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Wednesday, January 23, 2013

GUEST POST: The Different Facets Of Fantasy by C. J. Brightley

I began writing The King’s Sword as part of National Novel Writing Month back in November 2007. I planned the book fairly extensively and it focused on Hakan, the prince. It was intended to be a coming of age story about the decisions Hakan faces as he confronts the corruption in his kingdom and how he opposes it. I wanted to do something a little different by using Kemen’s voice to tell Hakan’s story from the perspective of the mentor. 

That lasted about a week. 

It became clear pretty quickly that Kemen’s story was at least as important as Hakan’s. He’s a hero, but to himself, he’s nothing remarkable. He’s an understated, quiet guy who just does what he thinks is right without making a big deal of it, even in his own internal narrative. So it’s only through spending time with him and through other characters that you discover who he really is. 

I wanted readers to discover him as I did… gradually, through his actions rather than through his words. I love his take on the world, and it was a lot of fun to write the story from his point of view. There’s such a huge gulf between what he says out loud and what he thinks. In some ways though, he was a challenging character to write. He’s very analytical, and mostly self-aware, but he’s also very blind in certain areas. Sometimes the things he doesn't mention are important in the story, but it would be out of character for him to talk about them, even internally. This comes out even more in A Cold Wind, the sequel to The King’s Sword

To be honest, I don’t really consider the book epic fantasy. To me, epic fantasy is concerned with world-shaking events, the titanic struggle of good and evil, generally with huge armies on each side. This story was more personal, about two men and the choices they make. There is good and evil, but it’s not an “epic” story in that grand sense. I've heard it called high fantasy though, because it’s in a separate world. I have a background in international affairs, so creating a realistic world was a really enjoyable part of writing the book. At the same time though, it’s about the characters, not about the world-building. I've never tried too hard to put labels on my writing. I write the stories that I want to write, and some of them cross genres. As a reader, I've never really minded that. As long as it’s a good story, I’ll enjoy it.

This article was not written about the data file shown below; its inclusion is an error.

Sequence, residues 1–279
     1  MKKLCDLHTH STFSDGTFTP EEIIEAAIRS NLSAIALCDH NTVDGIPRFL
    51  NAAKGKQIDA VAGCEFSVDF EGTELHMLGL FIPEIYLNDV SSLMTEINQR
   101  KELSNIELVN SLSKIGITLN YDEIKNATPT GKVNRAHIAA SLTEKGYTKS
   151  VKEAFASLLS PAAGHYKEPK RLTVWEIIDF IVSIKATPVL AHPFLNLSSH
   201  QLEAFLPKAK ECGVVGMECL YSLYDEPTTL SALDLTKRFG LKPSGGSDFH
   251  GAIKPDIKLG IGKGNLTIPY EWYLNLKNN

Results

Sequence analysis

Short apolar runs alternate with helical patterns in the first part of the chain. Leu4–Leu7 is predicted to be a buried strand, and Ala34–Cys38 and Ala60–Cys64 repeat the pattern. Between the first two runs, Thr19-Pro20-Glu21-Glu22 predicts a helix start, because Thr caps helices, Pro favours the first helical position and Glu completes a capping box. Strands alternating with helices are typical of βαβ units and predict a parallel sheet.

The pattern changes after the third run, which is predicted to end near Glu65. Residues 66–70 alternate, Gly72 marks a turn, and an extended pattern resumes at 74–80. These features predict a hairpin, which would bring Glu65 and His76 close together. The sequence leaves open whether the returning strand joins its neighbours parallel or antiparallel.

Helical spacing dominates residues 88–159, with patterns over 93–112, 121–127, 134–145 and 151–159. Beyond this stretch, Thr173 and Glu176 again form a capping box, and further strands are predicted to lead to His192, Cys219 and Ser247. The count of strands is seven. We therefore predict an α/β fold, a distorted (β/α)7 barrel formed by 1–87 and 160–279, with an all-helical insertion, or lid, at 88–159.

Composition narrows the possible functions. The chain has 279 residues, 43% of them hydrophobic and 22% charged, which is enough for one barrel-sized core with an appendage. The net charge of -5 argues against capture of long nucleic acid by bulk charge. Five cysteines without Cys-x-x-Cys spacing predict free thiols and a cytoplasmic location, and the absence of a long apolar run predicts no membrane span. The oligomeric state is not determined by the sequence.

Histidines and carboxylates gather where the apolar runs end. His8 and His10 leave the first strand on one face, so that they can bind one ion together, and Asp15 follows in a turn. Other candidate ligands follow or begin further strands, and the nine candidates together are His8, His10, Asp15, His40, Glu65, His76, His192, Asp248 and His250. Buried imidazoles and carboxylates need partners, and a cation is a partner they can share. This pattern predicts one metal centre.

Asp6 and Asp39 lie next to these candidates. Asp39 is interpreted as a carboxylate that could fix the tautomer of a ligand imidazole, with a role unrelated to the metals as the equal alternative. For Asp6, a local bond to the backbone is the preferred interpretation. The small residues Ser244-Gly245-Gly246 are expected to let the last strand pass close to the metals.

The King’s Sword is the type of story I've always loved, and what I keep coming back to as a writer. I like to be able to believe in and root for characters who are heroic, yet believable. I like stories with real moral dilemmas and real choices that have consequences, even when the struggle isn't as “epic” as some other fantasies. I love that feeling when you finish reading a good book and you’re a little sad, because it’s over, and you miss spending time with the characters. 

I intended The King’s Sword to be a standalone novel, but when I finished writing it, I realized there was more I wanted to do with these characters and their world. It’s been very satisfying to stick with the same characters and watch them grow from that first draft to where they are now. A Cold Wind will be published this month, and I'm currently working on the third book in the series.


AUTHOR INFORMATION: C. J. Brightley writes historical fantasy. She lives in Northern Virginia with her husband and young daughter. She loves making jewelry as a hobby. Find out more about her on her website and her Facebook page. The King's Sword is her debut and is the first volume of the Erdeman Honor series.


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